Reflecting on this now I think perhaps he too was a dreamer like me. A Romancer. In my experience we can irritate the more active, task driven people. I think Tom must have worked for his father for a time. But then the story goes that when Tom was seventeen, his parents died and he and his sister were each left three thousand pounds. Depending on how you calculate it, in present day values this varies between £239,000 using the retail price index, to £1,280,000, using average earnings. My mother told me that by the time he was twenty one little was left of what was by any reckoning an enormous sum of money.

How did Tom Wetherill manage that difficult feat you may say? I have no record of this, oral or otherwise. I suppose he could have been swindled or defrauded. But I feel the reason for this great loss was due to a certain weakness that has come down through the generations. There is a gambling streak around this family. It’s not impossible that he went off to London or Monte Carlo and tried the tables. From his young photo he looks flamboyant enough. This Tom Wetherill was a gambler, His son Billy was a gambler. My late, much loved brother – also Tom - was a gambler. 

What about me, then? When you think of it, assuming one can write for a living is a bit of a gamble. Each novel I write is a ‘bit of a gamble’. As well as that I’m prone to taking leaps in the dark. Deciding to work in prison was one of those leaps. As you will read later here, that turned out to be an intensely rewarding experience but it could have been a great mistake.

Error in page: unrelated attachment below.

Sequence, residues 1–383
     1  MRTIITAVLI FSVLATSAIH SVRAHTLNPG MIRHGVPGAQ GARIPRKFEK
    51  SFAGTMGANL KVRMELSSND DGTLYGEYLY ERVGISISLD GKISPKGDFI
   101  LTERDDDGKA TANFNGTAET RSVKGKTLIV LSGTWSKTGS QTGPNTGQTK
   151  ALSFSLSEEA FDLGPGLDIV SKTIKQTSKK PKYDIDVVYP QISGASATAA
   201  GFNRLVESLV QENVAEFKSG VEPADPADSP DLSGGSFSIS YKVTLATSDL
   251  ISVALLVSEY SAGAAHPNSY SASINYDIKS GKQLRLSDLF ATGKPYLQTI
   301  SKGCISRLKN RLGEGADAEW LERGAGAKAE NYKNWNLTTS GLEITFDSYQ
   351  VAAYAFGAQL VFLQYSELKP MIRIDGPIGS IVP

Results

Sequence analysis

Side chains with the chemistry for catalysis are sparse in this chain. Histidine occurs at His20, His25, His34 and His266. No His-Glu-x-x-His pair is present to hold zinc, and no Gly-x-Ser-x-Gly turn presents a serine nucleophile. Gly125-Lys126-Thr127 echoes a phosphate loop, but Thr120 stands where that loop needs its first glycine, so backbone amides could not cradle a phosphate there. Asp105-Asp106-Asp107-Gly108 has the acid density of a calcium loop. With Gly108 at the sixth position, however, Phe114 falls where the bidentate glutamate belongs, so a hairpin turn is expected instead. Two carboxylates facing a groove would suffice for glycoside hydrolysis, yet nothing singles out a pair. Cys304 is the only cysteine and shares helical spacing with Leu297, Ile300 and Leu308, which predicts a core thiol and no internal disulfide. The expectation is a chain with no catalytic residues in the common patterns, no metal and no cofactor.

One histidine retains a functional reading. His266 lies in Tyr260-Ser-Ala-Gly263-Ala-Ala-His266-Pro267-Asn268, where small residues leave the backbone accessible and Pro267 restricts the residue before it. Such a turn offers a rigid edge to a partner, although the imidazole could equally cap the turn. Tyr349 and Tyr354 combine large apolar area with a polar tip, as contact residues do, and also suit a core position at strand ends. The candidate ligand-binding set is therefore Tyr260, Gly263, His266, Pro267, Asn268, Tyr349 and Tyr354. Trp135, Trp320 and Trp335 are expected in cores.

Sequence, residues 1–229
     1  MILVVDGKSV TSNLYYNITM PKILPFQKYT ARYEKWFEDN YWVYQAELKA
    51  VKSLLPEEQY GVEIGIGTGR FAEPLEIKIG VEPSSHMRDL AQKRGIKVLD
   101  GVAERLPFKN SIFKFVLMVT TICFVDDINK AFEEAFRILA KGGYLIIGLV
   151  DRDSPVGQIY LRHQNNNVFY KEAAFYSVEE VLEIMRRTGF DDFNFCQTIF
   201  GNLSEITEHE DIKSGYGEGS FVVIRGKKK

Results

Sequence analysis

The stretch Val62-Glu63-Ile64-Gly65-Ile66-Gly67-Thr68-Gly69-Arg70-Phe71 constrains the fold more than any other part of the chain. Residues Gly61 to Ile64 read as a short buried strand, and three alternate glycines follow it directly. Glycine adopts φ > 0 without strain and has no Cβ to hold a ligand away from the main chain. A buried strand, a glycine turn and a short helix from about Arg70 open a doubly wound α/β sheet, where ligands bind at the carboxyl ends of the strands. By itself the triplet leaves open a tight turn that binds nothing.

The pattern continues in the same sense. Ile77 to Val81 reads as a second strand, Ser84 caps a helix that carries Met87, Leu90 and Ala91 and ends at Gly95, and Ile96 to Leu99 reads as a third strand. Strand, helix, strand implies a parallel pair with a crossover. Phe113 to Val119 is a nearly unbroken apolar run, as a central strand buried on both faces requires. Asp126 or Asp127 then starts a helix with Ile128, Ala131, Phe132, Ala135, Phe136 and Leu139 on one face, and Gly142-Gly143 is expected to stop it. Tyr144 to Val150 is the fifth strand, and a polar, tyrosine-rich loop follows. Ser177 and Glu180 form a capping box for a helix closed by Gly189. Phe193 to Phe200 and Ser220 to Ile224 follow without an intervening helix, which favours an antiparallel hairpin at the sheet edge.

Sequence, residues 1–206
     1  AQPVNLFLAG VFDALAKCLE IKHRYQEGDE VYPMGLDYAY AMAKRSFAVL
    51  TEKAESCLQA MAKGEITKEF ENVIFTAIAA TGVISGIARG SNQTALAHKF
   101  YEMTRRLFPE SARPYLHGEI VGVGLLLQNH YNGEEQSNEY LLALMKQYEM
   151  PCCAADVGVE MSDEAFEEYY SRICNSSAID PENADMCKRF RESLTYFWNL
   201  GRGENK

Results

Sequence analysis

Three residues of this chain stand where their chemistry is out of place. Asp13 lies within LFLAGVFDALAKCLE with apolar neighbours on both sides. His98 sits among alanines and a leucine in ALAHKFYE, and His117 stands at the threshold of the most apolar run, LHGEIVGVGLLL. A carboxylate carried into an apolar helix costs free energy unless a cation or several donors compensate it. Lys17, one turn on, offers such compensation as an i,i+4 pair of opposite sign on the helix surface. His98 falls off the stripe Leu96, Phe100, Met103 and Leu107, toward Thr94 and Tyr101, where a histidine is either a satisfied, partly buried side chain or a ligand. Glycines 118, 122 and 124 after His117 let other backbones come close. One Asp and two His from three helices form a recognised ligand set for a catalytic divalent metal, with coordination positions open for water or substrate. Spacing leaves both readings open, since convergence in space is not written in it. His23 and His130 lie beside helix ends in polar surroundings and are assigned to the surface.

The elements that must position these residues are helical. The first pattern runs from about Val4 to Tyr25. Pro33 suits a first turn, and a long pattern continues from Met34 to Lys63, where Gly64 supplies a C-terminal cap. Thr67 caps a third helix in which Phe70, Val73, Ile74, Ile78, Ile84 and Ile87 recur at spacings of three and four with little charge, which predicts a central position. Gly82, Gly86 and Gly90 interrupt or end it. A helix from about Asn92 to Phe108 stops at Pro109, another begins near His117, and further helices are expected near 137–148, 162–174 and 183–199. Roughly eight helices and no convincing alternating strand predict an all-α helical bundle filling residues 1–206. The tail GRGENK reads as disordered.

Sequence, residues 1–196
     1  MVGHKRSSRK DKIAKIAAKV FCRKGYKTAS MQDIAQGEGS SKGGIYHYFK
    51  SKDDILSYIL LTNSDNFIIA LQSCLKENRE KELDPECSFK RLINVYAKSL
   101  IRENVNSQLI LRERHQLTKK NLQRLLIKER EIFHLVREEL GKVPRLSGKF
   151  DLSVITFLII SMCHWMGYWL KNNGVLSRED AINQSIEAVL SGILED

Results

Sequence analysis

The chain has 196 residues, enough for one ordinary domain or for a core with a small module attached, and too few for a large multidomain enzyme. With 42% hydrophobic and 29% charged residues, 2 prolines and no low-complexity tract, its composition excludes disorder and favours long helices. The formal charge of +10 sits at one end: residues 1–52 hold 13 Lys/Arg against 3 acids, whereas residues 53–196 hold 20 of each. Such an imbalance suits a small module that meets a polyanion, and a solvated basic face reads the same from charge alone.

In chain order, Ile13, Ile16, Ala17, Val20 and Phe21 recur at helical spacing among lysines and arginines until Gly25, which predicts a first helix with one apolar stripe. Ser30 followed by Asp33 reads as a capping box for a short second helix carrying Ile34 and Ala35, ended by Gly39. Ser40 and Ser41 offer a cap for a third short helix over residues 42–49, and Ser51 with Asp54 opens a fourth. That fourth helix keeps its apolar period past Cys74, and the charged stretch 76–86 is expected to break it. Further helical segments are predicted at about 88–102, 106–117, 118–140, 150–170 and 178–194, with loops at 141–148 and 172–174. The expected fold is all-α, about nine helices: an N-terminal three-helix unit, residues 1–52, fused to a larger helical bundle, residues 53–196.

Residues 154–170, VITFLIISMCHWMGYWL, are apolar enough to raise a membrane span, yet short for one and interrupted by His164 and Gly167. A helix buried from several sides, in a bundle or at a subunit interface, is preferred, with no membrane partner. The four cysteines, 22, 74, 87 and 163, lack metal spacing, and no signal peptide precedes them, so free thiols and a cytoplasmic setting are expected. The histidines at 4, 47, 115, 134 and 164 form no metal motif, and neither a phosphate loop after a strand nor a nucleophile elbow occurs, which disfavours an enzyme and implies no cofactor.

I don’t really know what my grandfather Tom Wetherill did after he lost his money, but I do know that after some years he ended up working in an asylum called Winterton in County Durham. On his wedding certificate he is called asylum attendant. (This is the same asylum where many decades later I was up the ladder doing the Christmas decorations…) In time he became chief male attendant. 

They didn’t call them nurses in those days.

At that time the staff – including the doctors – lived on the site, in houses and cottages on the perimeter of what effectively was a large, purpose-built institution. It was at The Hospital (as they called the asylum) that Tom met his wife Elizabeth Ann, who was on the domestic staff. (She once told me that my grandfather had chased her round the table in the Hospital kitchen till she caught him…)